Blog: Student Data Privacy Articles

Practical tips, best practices, and useful student data privacy resources.

CCPA student data privacy

The California Consumer Privacy Act Bolstering Student Data Privacy Goes into Effect

The start of the new year brings big changes to the privacy landscape in California. Effective January 1, 2020, the California Consumer Privacy Act of 2018 (CCPA) becomes law. The CCPA protects the personal information of all California residents collected by any company doing business in the state of California. Edtech companies that collect PII from California students are also bound by this new law.

The big takeaway for school districts and edtech companies is that while COPPA regulates information privacy for children up to age 13, CCPA extends that protection to children up to age 16. This means that students’ PII is protected from preschool through most of high school—so companies and districts should align their compliance plans for the entire PK–12 student population.

Much like the European GDPR security law, the CCPA expands the definition of personal information to include things like IP addresses, geolocation information, and inferences drawn from personal data to create a data profile of a consumer. “While all consumers have the right to ‘opt out’ of a sale of their information, consumers under the age of 16 must ‘opt in’ before their personal data is sold. (If the user is under the age of 13, the student’s parent or guardian must opt in.)”[1] 

It is important to note that the CCPA does not supplant the existing California Student Online Personal Information Protection Act (SOPIPA). How the two laws will co-exist remains to be seen as CCPA is designed for general consumer protection (and students fall within that category), whereas SOPIPA is focused on students exclusively. Most data elements categorized as “covered information” under SOPIPA are already protected as PII under federal laws, such as FERPA and COPPA.[2]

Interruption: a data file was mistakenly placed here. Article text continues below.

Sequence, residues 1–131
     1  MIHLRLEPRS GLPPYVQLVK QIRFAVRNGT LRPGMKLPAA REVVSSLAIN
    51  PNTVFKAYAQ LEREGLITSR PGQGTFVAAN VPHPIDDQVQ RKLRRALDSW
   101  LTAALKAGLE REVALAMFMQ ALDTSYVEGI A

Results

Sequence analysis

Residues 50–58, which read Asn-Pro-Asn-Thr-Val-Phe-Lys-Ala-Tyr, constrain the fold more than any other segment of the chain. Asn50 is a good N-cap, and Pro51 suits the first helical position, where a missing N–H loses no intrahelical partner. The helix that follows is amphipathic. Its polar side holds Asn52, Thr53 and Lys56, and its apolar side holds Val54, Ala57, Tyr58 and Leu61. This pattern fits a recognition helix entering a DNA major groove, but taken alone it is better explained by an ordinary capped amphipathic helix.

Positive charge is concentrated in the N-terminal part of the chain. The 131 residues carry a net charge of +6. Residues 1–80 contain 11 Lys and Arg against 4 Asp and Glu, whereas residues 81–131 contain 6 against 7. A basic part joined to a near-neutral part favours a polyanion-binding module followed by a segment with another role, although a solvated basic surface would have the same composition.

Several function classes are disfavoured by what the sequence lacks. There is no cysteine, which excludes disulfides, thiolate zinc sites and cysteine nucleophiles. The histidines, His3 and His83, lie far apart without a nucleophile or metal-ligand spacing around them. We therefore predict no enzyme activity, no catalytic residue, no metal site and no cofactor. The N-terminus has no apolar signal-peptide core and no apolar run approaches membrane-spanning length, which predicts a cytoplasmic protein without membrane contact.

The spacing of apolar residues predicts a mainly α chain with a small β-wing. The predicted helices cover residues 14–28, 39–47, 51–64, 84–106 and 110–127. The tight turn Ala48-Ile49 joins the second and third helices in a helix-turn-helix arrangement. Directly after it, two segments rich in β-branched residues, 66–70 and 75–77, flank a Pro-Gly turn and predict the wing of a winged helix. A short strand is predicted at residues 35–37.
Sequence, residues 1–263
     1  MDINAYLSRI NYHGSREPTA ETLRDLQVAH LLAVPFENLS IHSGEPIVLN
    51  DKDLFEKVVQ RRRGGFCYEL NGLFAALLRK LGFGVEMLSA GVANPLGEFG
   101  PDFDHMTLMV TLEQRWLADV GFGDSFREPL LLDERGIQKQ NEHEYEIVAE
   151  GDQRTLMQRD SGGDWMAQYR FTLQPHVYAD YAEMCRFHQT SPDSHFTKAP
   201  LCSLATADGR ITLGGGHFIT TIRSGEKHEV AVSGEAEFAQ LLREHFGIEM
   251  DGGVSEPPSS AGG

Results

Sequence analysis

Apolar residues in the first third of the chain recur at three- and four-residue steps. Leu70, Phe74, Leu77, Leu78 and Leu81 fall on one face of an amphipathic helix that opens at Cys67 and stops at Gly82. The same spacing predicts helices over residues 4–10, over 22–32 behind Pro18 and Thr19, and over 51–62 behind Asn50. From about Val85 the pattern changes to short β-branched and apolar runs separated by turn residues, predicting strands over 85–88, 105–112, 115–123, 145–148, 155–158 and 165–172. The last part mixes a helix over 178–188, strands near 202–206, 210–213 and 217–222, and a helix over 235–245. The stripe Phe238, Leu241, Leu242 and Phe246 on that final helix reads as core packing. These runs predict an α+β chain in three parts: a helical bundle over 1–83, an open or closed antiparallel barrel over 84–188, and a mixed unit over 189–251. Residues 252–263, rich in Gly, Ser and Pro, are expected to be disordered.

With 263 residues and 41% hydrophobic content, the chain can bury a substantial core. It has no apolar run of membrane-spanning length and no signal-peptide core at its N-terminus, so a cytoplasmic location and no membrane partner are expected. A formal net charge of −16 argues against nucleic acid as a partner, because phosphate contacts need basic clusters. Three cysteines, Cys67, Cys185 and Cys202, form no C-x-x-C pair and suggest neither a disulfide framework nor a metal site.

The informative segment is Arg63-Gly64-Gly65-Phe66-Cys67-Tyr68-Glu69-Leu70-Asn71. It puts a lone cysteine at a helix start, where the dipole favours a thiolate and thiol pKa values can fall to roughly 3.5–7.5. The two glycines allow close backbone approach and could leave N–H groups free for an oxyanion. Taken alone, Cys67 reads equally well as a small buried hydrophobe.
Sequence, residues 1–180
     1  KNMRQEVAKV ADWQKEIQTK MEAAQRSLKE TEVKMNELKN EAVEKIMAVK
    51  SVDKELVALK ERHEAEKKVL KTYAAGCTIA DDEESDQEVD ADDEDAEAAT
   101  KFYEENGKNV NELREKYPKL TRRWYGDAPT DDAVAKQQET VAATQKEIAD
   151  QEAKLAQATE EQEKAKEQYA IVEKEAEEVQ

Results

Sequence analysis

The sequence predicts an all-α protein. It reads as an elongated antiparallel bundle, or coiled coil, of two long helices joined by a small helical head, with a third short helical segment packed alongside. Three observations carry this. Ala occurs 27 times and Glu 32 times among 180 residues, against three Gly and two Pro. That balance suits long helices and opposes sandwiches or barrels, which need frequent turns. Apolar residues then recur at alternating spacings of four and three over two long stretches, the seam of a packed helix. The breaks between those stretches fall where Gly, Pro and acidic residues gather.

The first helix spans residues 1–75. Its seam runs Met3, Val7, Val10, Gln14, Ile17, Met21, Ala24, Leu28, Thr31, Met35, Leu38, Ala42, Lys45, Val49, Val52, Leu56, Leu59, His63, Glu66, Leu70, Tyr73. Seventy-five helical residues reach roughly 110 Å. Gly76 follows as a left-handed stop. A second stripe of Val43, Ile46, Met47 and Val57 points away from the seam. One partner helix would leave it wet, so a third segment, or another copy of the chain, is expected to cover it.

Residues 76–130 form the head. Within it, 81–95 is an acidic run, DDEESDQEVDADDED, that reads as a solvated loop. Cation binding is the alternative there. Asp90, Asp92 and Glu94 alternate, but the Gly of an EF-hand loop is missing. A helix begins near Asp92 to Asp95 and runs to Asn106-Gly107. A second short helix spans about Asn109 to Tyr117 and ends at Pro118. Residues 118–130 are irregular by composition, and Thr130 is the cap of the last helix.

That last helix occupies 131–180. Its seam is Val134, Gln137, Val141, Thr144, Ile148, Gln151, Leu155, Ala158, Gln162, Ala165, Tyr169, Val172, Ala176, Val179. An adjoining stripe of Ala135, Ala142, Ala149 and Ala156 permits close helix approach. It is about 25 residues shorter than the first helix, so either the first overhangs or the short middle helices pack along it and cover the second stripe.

How Do School Districts Navigate the Requirements of Multiple Laws?

The various federal and state laws are intended to prevent violations of student data privacy with newer laws enacting stricter privacy guidelines. But how the laws overlap or work together presents a complicated picture as the CCPA is in effect on January 1st and is retroactive to January 1, 2019. Protecting student privacy, understanding how edtech vendors and service providers are currently handling data, and monitoring their privacy policy changes over time is a monumental task for districts. Keeping track of the details of how new legislation impacts current practice is also a challenge. 

Managing process and policies for protecting student PII is a challenge for any sized district, but especially ones with limited resources. EdPrivacy presents a solution. EdPrivacy utilizes machine learning-based artificial intelligence to create privacy scores for more than 10,000 apps and digital resources used in classrooms. The scores help educators and administrators quickly identify safe online technologies and easily determine which service providers respect and protect student data privacy. With EdPrivacy, school district leaders better understand school privacy laws for students, and enjoy student data privacy peace of mind. 

Benefits of EdPrivacy include:

  • Partner with trusted experts in school student data privacy.
  • Access a database of privacy scores for more than 10,000 of the most-used online education resources.
  • Understand which education technologies respect and protect sensitive student information.
  • Instill parent confidence that the district is proactively protecting student information online.
  • Publish and maintain a list of safe-to-use technologies approved for use in the classroom. 
  • Reduce risk of data breach and ensure compliance with FERPA, COPPA, and state privacy laws. 

For a free trial, visit here.

[1] Retrieved from
[2] Retrieved from